The LHC debate really hinges on two issues: 1) does "new physics" (such as extra dimensions) permit formation of holes at lower energies, such as found at the LHC; and 2) could those holes grow uncontrollably. Issue (2) is clearly the big one, and the general consensus is that tiny holes evaporate immediately and do not grow, but one can be forgiven for finding this less than fully reassuring.

Personally, I am not worried about rampaging black holes for the following reason. Powerful cosmic rays strike the Earth every second, many with energies far beyond those of the LHC. This has been going on for 4 billion years, so if black holes could form and grow from such collisions then the Earth would have been swallowed long before we ever materialized to worry about it.

I can't help but reflect how much fuss would have been spared had the U.S. gone ahead and built the SSC back in the 90's, before the possibility of black hole formation had even been imagined. Furthermore, physicists would have been spared two more decades of theorizing in a vacuum, with no data; and finally, the SSC was considerably more powerful than the LHC will be.

Ah, what might have been.

Sunday, December 13, 2009

Why moving clocks run slow

The slowing of moving clocks ("time dilation") is one of the most famous results of Einstein's Special Theory of Relativity. Because it relates to time, it sounds very arcane and mysterious, but in truth it is very easy to get a concrete picture of how it happens.

This is because someone invented the wonderful example of the "light clock". I will first go over this example, and then explain why the same mechanism also applies to more normal clocks (not to mention every other physical process, e.g. aging).

Fig. 1
Light clock at rest.

Figure 1 shows a light clock sitting still with respect to us. The clock consists of two mirrors between which a light beam bounces back and forth. A counter counts the bounces, allowing us to measure time. I'm not sure whether such a clock has been built, but it's certainly possible in principle.

Fig. 2
Light clock in motion (aboard a fast-moving spacecraft).

Figure 2 shows a light clock flying past us aboard a spaceship. The light still bounces back and forth between the mirrors, but what we see now is that it takes a longer path than it did before, because the mirrors keep moving. Since the light still moves with its accustomed speed (denoted "c"), each bounce takes longer. It's actually easy to compute the exact factor of slowing using this picture; see the Wikipedia article.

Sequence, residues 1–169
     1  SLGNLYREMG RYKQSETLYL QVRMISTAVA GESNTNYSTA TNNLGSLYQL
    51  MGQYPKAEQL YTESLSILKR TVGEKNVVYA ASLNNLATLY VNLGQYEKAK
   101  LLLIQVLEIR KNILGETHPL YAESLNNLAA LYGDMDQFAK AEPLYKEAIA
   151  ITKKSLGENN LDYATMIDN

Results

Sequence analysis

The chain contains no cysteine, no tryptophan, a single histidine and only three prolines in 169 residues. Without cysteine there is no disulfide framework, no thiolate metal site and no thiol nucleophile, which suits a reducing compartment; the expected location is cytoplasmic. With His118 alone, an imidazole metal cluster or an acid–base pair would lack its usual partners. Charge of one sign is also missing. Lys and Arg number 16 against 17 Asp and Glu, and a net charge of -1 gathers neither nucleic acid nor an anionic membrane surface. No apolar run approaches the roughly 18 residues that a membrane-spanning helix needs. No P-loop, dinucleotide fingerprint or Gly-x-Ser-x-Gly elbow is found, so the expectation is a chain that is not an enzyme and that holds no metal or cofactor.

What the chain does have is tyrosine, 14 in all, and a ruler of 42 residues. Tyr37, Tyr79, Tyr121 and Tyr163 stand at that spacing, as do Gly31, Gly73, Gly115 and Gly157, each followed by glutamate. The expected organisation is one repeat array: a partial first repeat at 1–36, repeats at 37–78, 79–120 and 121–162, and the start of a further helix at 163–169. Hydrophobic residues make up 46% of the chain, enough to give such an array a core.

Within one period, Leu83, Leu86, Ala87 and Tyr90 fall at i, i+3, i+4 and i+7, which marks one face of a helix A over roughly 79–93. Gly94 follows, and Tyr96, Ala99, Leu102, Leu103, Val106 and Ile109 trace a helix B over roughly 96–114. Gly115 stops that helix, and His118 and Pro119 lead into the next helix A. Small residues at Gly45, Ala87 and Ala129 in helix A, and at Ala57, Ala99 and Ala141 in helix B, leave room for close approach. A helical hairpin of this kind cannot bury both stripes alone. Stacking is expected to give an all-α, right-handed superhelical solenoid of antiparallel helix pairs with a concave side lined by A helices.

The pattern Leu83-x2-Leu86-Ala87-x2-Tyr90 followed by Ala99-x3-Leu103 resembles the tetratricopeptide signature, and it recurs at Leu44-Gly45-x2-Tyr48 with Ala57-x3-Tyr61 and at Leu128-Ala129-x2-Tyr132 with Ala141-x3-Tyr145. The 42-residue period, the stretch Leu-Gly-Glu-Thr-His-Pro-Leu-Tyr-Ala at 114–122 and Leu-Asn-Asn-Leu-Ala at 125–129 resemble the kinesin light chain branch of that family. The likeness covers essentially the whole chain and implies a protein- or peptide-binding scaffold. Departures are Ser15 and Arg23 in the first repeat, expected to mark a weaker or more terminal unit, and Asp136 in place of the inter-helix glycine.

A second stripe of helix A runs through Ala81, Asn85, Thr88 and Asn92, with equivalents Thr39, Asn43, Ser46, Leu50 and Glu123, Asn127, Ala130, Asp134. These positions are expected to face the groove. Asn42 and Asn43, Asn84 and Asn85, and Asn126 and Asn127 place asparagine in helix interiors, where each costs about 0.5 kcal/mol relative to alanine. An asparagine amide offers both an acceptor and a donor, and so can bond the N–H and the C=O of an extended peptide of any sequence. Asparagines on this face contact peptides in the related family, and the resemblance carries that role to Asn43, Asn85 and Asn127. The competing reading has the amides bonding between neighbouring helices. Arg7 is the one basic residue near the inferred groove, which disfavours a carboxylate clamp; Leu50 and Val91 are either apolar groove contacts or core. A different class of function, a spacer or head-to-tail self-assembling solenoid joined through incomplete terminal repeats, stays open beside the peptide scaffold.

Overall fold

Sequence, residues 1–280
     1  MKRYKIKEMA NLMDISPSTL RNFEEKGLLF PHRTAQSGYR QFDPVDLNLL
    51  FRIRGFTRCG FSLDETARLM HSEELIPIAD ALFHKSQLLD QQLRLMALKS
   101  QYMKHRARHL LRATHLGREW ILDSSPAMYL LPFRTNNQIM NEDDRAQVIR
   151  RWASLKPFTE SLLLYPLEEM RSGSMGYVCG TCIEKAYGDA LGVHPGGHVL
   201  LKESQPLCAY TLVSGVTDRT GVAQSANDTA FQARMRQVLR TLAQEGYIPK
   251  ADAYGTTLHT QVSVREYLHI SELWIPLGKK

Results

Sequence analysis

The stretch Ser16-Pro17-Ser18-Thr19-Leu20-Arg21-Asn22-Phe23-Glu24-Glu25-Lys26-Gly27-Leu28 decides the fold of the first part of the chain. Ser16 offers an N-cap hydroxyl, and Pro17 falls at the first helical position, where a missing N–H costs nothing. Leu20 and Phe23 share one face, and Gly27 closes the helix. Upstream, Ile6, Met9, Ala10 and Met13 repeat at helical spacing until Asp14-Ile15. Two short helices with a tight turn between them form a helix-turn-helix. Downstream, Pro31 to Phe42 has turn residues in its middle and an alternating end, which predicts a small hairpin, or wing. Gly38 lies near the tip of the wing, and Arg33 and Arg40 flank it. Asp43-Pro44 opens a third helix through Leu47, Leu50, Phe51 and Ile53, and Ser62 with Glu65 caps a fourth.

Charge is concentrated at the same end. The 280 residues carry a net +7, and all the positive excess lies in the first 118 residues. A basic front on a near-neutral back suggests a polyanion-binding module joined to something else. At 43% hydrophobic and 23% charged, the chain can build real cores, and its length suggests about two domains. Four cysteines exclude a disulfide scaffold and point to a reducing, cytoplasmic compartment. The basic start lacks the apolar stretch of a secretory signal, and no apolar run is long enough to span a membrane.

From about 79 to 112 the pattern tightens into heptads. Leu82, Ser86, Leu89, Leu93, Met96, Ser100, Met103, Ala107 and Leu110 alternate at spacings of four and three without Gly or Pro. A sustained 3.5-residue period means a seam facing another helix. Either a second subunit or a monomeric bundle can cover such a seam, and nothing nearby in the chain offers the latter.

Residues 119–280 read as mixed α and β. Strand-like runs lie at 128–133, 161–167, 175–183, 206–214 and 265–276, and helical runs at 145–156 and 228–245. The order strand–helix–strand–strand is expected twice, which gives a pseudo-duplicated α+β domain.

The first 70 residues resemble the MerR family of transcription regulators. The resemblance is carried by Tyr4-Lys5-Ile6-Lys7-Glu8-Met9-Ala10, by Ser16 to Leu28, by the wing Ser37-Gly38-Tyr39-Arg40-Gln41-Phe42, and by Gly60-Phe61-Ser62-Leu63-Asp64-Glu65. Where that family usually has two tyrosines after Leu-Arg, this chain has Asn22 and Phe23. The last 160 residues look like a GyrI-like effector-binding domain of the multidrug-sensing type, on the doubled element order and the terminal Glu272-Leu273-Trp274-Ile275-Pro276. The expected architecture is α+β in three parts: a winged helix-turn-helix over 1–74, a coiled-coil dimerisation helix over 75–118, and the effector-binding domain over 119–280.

So the moving light clock slows down because the light beam has trouble catching up to the mirrors it is bouncing between. The main ingredient that creates this result is that the speed of light doesn't depend on the thing that emitted it; light, unlike a tennis ball, doesn't move any faster after bouncing off of a moving mirror.

And why is this? It is because light is a wave, and the speed of a wave depends on its medium, not on the emitter. Think of a boat: its wake moves at the same speed regardless how fast the boat was moving.

The great revolution of 19th century physics was Maxwell's wave theory of light, and it is from this that Relativity directly sprang. Currently all of our theories of physics are wave theories and therefore they all embody similar Relativistic effects; indeed, their mathematics is matched up such that they all embody the exact same effects.

Finally let's consider more "normal" clocks, like ticking mechanical clocks or digital clocks. These clocks are really just light clocks in disguise, because they work using electrical forces, and electrical forces are carried by the electromagnetic field, the same field whose vibrations we call light. Mechanical clocks consist of atoms which are bound together by electrical forces, while digital clocks consist of electrons being shunted around by various electrical forces.

A normal clock is basically the same as a light clock but with a many, many mirrors. Each atom is like a mirror, and the electrical forces between them are like the light wave bouncing in the light clock. If the clock is moving rapidly, the forces between the atoms are transmitted more slowly, causing the operation of the whole clock to slow down.

Obviously there is much more that should be said here. For one thing, there are processes that don't involve light at all, e.g. those mediated by the strong or weak force, but as pointed out above these forces are also waves sharing the same basic properties which cause the light clock to slow down.

And one should really discuss the "paradoxical" symmetry of the time dilation: each observer sees the other's clock running slow. It seems impossible, but that's obviously how the light clocks behave, so it can't really be a paradox - and it isn't. But I have to leave it there.